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Hudson-based child care firm under scrutiny in multiple states

Little Minds Learning Center employees in River Falls staged a walkout Monday, March 25, after workers alleged problems getting paid. Mike Longaecker / RiverTown Multimedia 1 / 2
Little Minds Learning Center employees in River Falls staged a walkout Monday, March 25, after workers alleged problems getting paid. Mike Longaecker / RiverTown Multimedia 2 / 2

The morning after workers at Little Minds Learning Center in River Falls walked off the job, alleging problems getting paid for their work, Little Minds franchiser Todd Barnhardt sat at a desk just inside the closed facility’s entrance, laptop open, his lone presence emphasized by the absence of activity.

Barnhardt, who founded the company in Hudson with his wife Stacy in 2008, came to town to address a group of Little Minds Learning Center employees who rallied March 25 outside the building, where they walked off the job. The workers shared heartbreak over forcing families to seek child care elsewhere, but said the lingering issue had reached a breaking point.

“We want to be there for them,” Little Minds Learning Center Director Josie Groth said of the families who bring children there. “But unfortunately we’re not being paid.”

Whitney Yates, a Chippewa Valley Technical College student living in River Falls, began working at Little Minds in February. She said she immediately “fell in love” with the families who brought children there and her coworkers.

The paycheck issue, she said, has been the lone problem.

“It’s been really hard to live, especially when your paychecks are bouncing or they’re not cashable,” Yates said. “This is really hard. This is a great center. We’re just trying to fight for our center here.”

According to Barnhardt, local management is responsible for daily operations. Issues with payroll are isolated to the River Falls location because of enrollment issues over the past two years, he said, adding the most recent situation was spurred by a “glitch” with their bank.

He said he did everything he could to ensure staff got paid, including writing personal checks to the company to cover some expenses.

But problems with timely payments didn’t stop with staff.

A small claims lawsuit filed March 12 seeks to evict Barnhardt and Little Minds from the River Falls property. The suit alleges the facility owes the landlord, La Crescent, Minn.-based firm WI Development LLC, $191,309 in rent and “guarantee obligations.” The suit states the landlord requested Little Minds to vacate the premises “but it has refused to do so.”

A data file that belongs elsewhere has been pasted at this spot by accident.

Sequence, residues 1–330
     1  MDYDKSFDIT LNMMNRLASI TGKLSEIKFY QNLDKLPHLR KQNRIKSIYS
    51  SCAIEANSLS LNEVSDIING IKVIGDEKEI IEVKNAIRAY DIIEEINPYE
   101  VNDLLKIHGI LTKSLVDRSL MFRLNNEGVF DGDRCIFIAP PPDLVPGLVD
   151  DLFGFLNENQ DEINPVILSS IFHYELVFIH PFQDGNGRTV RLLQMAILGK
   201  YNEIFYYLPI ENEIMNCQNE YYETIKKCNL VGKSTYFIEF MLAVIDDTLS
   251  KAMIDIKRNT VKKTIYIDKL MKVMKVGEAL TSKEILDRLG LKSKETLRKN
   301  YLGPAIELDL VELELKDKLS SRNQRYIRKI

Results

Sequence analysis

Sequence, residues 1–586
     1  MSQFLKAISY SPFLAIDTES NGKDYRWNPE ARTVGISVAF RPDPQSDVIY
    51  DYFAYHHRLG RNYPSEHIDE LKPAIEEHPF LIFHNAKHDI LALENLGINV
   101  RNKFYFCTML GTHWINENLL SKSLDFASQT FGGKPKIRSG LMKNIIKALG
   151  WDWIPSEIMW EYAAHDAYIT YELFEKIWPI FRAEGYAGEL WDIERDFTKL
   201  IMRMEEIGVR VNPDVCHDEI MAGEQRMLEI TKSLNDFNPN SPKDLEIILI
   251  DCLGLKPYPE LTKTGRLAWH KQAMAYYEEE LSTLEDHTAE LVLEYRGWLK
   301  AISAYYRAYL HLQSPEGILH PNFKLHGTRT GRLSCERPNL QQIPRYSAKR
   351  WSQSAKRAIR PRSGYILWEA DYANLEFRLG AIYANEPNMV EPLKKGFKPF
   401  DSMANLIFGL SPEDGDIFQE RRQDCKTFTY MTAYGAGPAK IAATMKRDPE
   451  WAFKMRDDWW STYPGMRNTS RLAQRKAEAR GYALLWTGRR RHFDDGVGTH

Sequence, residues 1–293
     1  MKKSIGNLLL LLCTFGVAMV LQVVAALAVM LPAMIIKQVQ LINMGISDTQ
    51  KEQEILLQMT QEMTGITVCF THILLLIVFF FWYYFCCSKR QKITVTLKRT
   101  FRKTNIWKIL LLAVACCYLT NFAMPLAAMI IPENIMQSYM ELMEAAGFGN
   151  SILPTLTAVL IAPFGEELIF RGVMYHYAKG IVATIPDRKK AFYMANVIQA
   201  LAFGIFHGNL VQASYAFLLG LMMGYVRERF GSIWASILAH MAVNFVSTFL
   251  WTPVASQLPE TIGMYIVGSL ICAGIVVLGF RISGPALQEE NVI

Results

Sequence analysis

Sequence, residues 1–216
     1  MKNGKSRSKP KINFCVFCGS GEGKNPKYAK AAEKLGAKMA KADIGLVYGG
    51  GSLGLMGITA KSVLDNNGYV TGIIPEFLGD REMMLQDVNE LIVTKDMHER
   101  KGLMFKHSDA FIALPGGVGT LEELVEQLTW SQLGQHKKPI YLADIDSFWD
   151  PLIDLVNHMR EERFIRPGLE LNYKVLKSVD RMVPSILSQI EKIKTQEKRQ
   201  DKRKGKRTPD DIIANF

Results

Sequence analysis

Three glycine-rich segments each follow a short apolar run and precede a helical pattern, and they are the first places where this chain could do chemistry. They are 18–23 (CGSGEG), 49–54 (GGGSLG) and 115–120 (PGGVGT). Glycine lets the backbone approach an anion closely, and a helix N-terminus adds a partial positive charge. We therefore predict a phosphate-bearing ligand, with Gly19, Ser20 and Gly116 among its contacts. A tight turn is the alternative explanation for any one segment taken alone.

The case is set for an April 2 eviction hearing before St. Croix County Circuit Court Judge Scott Nordstrand.

Groth said payment problems at the River Falls center first arose in fall 2018 and has since resulted in significant staff turnover. She said just four of the 30 workers could access funds from their most recent paycheck last week, which prompted the decision to walk off.

The River Falls development, however, does not appear to be isolated.

Illinois, Colorado issues

A December 2018 news report from WAND-TV from Decatur, Ill., states a Little Minds Learning Center there closed after employees reported payment problems.

Jenette Stevenson, a former Little Minds director in Batavia, Ill., told RiverTown Multimedia she read news reports from the River Falls situation and was struck by similarities she experienced.

“The same thing is happening here,” she said.

Stevenson said she quit in February 2019 after payment discrepancies; she said at least three checks she received from the business bounced.

“I can’t live off fake money that I don’t have,” she said.

A lawsuit filed July 2018 in Cook County, Ill., Circuit Court against LMLC Holdings and Barnhardt alleges Barnhardt proposed an investment opportunity to an acquaintance “upon learning she had recently received an inheritance.”